banality

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English[edit]

Etymology[edit]

From French banalité, from banal.

Pronunciation[edit]

Noun[edit]

banality (countable and uncountable, plural banalities)

  1. (uncountable) The quality of being banal.
    Synonym: bathos (partial)
    • 1997, Edward S. Herman, Triumph of the Market: Essays on Economics, Politics, and the Media, Black Rose Books Ltd. (→ISBN), page 97:
      The concept of the banality of evil came into prominence following the publication of Hannah Arendt's 1963 book Eichmann in Jerusalem: A Report on the Banality of Evil, which was based on the trial of Adolph Eichmann in Jerusalem.
  2. (countable) Something which is banal.
  3. (rare, historical) A feudal right or obligation, especially the obligation for a peasant to grind grain at the lord's mill, or the profits accruing from such rights.
    • 1892, William Klapp Williams, The Dawn of Italian Independence: Italy from the Congress of Vienna, 1814, to the Fall of Venice, 1849, volume 1, page 176:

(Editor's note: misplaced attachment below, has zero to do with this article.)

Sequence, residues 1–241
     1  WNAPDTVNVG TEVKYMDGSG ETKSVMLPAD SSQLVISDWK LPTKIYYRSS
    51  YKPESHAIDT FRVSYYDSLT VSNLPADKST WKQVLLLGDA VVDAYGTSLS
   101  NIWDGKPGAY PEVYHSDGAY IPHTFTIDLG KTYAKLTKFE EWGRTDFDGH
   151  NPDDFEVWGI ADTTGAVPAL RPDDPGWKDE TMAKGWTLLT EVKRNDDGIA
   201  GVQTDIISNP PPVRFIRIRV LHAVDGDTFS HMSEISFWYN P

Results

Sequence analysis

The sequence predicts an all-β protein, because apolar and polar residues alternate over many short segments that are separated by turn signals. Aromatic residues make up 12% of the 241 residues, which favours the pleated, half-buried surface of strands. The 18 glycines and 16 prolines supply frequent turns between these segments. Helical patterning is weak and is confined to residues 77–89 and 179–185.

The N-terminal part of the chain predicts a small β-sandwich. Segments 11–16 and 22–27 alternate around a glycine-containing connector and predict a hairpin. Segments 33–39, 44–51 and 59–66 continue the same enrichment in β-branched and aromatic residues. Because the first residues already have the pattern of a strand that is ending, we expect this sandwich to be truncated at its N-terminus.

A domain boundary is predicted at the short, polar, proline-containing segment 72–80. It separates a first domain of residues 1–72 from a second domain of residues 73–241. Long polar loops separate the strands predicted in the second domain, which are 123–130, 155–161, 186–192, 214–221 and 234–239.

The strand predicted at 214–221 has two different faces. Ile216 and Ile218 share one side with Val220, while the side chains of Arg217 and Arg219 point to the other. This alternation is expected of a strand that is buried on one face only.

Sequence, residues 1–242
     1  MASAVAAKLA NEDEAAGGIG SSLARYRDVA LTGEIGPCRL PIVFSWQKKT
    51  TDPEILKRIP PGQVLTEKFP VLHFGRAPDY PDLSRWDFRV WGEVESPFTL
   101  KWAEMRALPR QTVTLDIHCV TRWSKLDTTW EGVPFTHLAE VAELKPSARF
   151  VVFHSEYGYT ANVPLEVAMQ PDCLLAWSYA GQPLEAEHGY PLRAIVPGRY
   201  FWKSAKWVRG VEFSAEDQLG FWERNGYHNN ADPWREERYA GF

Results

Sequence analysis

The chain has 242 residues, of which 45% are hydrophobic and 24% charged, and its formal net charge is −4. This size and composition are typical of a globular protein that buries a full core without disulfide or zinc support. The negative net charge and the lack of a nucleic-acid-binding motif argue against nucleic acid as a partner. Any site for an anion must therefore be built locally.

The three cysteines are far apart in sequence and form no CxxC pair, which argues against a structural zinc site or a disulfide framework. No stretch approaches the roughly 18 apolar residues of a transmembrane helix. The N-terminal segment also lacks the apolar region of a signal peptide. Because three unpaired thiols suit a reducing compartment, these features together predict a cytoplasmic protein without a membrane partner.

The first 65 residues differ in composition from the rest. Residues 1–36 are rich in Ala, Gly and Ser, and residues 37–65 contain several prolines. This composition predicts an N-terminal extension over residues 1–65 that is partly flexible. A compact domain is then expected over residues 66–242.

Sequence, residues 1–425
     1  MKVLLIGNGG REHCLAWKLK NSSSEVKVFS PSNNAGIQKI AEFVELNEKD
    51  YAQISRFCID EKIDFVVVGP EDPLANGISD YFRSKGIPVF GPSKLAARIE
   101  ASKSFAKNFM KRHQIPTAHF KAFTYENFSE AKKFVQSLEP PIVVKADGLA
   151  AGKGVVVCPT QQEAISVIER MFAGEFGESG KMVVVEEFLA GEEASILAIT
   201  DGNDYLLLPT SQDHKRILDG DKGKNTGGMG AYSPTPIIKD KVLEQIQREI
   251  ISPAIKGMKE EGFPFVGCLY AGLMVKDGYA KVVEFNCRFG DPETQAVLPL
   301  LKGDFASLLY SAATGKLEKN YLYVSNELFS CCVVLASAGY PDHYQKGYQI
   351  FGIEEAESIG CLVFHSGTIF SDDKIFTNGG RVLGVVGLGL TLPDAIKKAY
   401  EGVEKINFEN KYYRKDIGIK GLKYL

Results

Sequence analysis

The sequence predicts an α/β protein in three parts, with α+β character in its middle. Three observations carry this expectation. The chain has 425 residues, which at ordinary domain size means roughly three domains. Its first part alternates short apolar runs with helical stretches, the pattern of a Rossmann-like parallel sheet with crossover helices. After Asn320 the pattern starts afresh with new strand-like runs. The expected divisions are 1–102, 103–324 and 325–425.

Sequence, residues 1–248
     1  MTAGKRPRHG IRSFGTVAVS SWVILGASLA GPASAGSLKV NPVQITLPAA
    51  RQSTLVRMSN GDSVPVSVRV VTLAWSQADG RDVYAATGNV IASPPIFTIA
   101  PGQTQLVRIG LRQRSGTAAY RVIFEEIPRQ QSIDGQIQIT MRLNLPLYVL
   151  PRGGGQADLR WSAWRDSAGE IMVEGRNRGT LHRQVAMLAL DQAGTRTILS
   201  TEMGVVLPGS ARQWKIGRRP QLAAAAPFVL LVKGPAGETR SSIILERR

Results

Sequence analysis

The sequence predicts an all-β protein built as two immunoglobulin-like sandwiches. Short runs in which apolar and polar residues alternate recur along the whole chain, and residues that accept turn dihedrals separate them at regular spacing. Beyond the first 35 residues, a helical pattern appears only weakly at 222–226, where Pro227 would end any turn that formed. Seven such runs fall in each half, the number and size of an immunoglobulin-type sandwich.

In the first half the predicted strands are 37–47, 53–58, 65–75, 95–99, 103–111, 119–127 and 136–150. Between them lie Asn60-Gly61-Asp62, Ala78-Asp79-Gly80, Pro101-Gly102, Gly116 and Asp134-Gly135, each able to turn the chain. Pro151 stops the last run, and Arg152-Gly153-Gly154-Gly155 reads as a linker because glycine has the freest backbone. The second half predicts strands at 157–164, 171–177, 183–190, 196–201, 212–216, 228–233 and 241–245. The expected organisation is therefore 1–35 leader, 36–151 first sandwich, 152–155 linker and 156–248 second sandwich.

The law of banality, one of the most oppressive products of feudalism, was revived for the advantage of the nobility.
    • 1984, Sheldon J. Watts, A Social History of Western Europe, 1450–1720: Tensions and Solidarities among Rural People, page 106:
      Other banalities included the lord's exclusive right to hunt over the land, his monopoly over fishing, and his right to keep the dove-cote whose feathery occupants ate a peasant's standing crops.
    • 1986, Pierre Goubert, Ian Patterson, transl., The French Peasantry in the Seventeenth Century, page 218:
      In fact corvées, champarts, and rights of banality not only continued but had been increased in the course of the seventeenth century.

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